Once you identify what it is you want to be known for, be seen talking about it. Don’t be a wallflower. Guest blog on other sites, participate in online conversations, attend conferences, and get your voice and your opinion out wherever you can. You’d be surprise how much of “becoming an expert” is really about “being seen talking about stuff”. It’s somewhat sad to point out but the more you’re seen, the more apt people will be to put you on the pedestal.

6. Show results

Of course, you’ll have to be able to do more than just talk. You’ll also need to prove your salt by showing your results. Post case studies showing how you helped Client X increase their revenue by 200 percent in the year they worked with you. Post client testimonials that explain how your product made their life easier. Document your success and share it in the form of helpful tips and tactics that others can learn from. Collect information and share it with your entire industry so everyone can benefit from it.

7. Keep learning

Once you achieve a certain level of success it becomes pretty easy to keep talking about what you’ve done instead of doing new stuff. The trouble with that is eventually you’ll run out of things to talk about or the topics you want to talk (ie the same old things) about won’t be as valuable anymore. In your efforts to be seen as expert, don’t forget to keep learning what you’re trying to become an expert in. That’s how you’ll expand upon your thought leadership, it’s how you’ll keep getting invited back to the table, and it’s how you’ll, ultimately, be able to better serve your customers. You can be seen as an expert all you want – if you can’t back it up, eventually you’ll customers will realize and leave you.

8. Be humble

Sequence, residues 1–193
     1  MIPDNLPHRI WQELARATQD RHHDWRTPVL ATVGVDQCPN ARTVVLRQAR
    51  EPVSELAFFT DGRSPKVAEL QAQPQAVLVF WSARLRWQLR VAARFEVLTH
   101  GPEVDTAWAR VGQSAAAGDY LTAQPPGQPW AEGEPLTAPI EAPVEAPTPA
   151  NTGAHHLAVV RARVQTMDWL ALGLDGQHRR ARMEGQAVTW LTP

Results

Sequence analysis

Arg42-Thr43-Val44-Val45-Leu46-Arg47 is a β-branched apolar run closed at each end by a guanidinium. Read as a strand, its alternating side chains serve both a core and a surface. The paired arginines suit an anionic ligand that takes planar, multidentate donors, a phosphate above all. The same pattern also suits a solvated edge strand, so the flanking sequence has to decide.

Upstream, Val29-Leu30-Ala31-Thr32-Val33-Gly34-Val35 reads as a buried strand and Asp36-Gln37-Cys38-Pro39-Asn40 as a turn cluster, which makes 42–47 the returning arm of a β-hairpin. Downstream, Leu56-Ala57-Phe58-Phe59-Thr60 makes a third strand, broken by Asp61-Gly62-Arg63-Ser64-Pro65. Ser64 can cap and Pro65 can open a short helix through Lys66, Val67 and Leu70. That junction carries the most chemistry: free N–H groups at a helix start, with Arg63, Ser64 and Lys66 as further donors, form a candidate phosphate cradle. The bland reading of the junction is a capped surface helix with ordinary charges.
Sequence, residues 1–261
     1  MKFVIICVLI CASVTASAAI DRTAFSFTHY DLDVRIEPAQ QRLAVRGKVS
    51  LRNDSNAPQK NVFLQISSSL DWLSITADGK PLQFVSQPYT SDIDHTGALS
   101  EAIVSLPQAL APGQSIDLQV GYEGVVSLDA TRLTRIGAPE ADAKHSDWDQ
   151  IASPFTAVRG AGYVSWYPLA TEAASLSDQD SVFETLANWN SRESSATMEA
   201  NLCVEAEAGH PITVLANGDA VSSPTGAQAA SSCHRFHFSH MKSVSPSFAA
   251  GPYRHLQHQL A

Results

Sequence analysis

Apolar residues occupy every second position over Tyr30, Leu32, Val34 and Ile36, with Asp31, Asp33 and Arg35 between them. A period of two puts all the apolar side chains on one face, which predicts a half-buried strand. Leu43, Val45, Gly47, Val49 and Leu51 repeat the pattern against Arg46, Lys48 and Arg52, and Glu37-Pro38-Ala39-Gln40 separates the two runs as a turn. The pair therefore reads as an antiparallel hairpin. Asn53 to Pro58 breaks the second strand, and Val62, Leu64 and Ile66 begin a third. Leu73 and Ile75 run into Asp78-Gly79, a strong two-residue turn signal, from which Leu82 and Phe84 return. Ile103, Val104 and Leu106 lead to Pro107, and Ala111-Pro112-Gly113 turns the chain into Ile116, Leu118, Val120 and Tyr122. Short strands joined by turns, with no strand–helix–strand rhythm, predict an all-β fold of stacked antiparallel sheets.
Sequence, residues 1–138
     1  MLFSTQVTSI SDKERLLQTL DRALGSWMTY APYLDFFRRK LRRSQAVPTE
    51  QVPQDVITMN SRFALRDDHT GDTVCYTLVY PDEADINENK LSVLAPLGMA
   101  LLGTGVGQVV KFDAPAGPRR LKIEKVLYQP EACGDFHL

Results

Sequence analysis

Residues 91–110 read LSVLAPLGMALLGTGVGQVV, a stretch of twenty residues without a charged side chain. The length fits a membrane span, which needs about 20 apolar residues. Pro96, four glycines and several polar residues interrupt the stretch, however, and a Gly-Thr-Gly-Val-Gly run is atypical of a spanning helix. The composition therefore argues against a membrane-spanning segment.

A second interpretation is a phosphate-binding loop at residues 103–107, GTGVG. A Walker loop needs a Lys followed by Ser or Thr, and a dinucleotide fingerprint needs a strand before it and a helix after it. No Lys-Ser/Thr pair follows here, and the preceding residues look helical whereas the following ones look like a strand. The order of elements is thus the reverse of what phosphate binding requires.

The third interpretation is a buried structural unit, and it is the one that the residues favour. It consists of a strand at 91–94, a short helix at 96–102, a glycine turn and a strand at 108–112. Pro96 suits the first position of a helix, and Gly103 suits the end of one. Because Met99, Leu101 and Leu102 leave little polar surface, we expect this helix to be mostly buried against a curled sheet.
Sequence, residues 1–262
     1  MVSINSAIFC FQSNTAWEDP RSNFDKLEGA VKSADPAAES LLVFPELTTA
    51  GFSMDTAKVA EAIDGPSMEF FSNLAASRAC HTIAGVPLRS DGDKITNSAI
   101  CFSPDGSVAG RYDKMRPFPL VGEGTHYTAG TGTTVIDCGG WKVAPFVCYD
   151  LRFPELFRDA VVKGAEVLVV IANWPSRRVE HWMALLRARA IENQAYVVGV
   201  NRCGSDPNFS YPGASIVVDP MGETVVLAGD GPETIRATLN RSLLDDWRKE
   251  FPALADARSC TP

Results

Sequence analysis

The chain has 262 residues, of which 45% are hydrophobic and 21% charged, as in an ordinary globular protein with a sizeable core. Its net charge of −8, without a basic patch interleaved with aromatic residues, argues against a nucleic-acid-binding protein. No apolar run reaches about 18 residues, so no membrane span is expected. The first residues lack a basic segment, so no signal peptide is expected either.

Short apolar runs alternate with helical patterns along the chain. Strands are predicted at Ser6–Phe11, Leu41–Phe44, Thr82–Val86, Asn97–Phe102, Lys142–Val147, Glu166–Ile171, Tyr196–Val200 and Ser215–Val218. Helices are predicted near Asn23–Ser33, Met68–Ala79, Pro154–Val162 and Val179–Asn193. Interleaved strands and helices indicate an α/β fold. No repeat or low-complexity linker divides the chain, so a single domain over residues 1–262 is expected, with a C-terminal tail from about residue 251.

Resist the urge to drink your own Kool-aid by focusing on giving back to others. Instead of patting yourself on the back, lift others up instead. Not only will it make you a more attractive person to be around, you’ll also be building valuable connections that you’ll be able to use in the future. Because no one becomes an expert on their own. They do it with the help of everyone around them.

Above are tips I would give to anyone trying to increase their expertise online. What’d I miss?

Businessman Photo via Shutterstock

12 Comments ▼

Lisa Barone


Lisa Barone Lisa Barone is Vice President of Strategy at Overit, an Albany Web design and development firm where she serves on the senior staff overseeing the company’s marketing consulting, social media, and content divisions.

12 Reactions

  1. Lisa: I have been calling myself a social media enthusiast and been named a social media evangelist. Maybe it is time to receive the label, social media expert? As I have been blogging since 2002, I think I have 10.000+ hours in the field… ;)

    It is a great list and I will show this post to my referral partners.

  2. #1 and #2 go hand in hand because there is often a great story behind why you’re unique. Learn to tell that story well because it is the most important story you tell.

  3. I love all the points, but what I’ve noticed and admired immensely in the experts I respect most is #8. Lisa herself takes time to respond to comments and tweets and keep talking to the community, and I’ve so many other experts (in various fields) do the same.

  4. Your article gives a lot of information for those beginners in storytelling.

  5. There’s lots of so called experts out there giving advice. This is the most succinct breakdown I’ve cam across. After reading this, I altered my game plan and pinned it on the wall in the office.